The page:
One of the most hotly debated theological topics is the question of whether or not people reject or accept God under compulsion. Are we free to choose or reject God? Or not? Double predestination is the idea that both salvation and damnation are "predestined" or "decided beforehand" and that nothing the individual does during his or her lifetime can change that final destiny. The Bible does not say anything of the kind, but double predestination can be extrapolated from Scripture when interpreted from a certain viewpoint.
Is the concept of double predestination biblical? Does God create some people for the purpose of sending them to hell?
The main passage that supports the idea of double predestination is found in Romans 9. Paul is making an argument about God's plan. God's plan always stands, regardless of man's action or intent, because He is God. He appoints certain things, such as the birth of Abraham's son, Isaac, and the survival of the Jewish people throughout history. In accordance with this plan, Pharaoh's heart was hardened, and that hardening was God's plan. He gives no explanation for this other than "I will have mercy on whom I have mercy, and I will have compassion on whom I have compassion" (Romans 9:15). Paul argues that some people will respond "Why does he still find fault? For who can resist his will?" (Romans 9:19). Paul's only response is "But who are you, O man, to answer back to God? Will what is molded say to its molder, 'Why have you made me like this?' Has the potter no right over the clay, to make out of the same lump one vessel for honorable use and another for dishonorable use?" (Romans 9:20–21).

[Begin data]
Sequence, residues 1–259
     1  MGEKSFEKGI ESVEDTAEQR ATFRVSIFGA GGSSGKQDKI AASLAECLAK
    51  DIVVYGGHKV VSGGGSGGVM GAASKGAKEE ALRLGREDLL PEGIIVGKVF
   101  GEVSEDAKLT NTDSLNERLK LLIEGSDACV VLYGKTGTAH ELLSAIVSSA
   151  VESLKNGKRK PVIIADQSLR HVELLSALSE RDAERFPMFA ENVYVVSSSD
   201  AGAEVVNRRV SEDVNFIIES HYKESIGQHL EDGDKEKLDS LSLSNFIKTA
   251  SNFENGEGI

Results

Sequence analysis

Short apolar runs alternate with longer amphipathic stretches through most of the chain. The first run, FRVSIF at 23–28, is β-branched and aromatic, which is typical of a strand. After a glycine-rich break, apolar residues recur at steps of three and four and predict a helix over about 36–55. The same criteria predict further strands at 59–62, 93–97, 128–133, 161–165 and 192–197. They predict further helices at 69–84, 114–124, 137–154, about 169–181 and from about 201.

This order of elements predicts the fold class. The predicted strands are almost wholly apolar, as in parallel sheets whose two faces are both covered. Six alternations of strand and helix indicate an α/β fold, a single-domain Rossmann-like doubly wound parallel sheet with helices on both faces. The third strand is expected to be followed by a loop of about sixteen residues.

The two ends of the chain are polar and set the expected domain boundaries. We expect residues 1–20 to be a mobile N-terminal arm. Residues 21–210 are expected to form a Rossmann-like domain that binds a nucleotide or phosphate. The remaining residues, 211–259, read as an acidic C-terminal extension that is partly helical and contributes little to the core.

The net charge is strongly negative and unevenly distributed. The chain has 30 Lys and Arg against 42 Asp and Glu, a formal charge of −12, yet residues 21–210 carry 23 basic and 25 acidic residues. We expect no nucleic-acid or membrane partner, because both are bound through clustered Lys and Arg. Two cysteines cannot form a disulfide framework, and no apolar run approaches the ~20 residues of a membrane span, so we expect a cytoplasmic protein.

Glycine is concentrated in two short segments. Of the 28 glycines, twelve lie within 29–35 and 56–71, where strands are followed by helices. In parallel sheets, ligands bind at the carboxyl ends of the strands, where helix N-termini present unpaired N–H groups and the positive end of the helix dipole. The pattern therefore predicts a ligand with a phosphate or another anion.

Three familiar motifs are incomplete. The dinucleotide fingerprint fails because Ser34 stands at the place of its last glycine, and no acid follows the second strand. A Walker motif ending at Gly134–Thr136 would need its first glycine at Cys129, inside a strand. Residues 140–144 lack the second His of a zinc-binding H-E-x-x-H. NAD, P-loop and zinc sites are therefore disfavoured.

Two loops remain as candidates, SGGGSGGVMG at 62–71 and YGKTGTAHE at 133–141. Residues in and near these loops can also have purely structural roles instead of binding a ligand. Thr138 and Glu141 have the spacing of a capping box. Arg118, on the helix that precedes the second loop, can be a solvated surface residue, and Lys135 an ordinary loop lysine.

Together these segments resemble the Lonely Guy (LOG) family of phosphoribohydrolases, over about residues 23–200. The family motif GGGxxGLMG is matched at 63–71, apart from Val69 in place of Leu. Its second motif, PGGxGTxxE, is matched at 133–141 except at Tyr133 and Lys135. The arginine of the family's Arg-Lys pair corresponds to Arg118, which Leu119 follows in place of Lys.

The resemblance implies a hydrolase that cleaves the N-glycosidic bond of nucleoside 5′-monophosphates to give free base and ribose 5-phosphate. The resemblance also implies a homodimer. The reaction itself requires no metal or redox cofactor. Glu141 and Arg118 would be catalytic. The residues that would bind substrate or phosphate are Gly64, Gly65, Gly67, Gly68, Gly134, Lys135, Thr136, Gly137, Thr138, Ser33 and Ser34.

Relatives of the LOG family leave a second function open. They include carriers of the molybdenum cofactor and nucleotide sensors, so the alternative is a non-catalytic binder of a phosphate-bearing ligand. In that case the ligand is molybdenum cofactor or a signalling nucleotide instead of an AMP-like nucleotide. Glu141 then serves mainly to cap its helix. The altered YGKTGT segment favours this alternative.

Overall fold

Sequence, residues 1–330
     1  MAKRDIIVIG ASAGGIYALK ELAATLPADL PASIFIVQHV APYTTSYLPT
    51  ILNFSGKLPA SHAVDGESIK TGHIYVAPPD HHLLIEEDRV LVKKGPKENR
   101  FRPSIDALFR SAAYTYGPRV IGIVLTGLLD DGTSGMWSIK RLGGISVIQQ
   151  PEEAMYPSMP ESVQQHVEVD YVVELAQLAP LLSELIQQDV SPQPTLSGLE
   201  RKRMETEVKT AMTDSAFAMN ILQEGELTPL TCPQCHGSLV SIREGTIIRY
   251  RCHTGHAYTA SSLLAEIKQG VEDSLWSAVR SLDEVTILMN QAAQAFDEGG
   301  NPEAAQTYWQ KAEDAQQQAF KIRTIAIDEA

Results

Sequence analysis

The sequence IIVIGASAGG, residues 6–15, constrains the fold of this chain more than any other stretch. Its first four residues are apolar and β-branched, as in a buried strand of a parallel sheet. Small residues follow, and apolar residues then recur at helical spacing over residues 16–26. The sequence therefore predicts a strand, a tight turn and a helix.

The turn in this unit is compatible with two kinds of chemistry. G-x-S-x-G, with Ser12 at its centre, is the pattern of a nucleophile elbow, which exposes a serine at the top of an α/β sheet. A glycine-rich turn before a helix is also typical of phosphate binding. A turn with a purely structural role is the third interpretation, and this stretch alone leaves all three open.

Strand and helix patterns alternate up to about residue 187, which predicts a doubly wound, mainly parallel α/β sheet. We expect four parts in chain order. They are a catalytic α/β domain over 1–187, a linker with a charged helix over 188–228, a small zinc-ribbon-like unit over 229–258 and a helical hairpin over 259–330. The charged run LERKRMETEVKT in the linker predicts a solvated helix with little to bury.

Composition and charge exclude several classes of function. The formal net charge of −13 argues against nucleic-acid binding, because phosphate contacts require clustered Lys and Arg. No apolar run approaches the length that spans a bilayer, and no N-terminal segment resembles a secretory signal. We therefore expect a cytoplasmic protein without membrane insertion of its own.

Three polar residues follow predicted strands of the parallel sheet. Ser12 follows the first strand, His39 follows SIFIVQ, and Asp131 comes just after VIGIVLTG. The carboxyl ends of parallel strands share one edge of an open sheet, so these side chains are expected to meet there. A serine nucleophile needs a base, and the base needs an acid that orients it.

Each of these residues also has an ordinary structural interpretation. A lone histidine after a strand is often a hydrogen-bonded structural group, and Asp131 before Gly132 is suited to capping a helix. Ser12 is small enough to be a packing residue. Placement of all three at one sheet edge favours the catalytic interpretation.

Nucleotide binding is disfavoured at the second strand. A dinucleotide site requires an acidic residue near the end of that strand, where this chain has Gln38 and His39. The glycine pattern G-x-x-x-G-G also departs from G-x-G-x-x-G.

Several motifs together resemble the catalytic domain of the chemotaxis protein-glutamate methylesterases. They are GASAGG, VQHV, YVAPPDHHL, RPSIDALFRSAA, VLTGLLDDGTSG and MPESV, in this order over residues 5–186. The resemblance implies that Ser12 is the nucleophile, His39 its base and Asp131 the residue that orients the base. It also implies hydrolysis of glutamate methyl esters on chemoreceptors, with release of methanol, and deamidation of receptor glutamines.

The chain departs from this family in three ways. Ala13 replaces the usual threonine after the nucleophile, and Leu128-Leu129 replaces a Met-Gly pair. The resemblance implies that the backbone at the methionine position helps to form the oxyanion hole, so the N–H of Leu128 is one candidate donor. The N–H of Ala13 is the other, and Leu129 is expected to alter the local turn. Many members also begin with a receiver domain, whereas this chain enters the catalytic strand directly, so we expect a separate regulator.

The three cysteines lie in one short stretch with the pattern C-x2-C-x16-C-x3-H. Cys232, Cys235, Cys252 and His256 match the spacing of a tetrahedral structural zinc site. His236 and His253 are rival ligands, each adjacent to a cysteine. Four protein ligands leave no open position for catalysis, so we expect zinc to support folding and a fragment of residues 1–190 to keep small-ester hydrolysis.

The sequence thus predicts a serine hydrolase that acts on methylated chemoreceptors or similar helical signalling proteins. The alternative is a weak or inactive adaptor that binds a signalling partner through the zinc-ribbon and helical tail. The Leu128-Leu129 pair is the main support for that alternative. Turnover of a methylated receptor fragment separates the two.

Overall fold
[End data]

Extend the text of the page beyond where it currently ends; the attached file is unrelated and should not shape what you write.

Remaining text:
This debate is applied to humanity as a whole, and the result is double predestination. But should this passage be applied to all people, or was Paul simply making an argument about Pharaoh and others, like Esau or Judas, who were "vessels prepared for destruction" and chosen for the purpose of furthering God's plan? Paul does not extrapolate the argument to all people. And elsewhere in Scripture there are verses that support a) God's desire to see all men saved (1 Timothy 2:4; John 3:16) and b) the importance of the choices we make (Luke 13:34; Matthew 11:23).
Double predestination is largely a human extrapolation of these texts in an effort to make sense of the tension that exists between God's will and our choices. The result is often that we come to a conclusion that the Bible does not explicitly give us. This usually creates more problems than it solves. One clear point of Romans 9 is that God's will is paramount, and when His will doesn't make perfect sense to us, we need to trust Him, and assume that He knows what He's doing (Proverbs 3:5–6).
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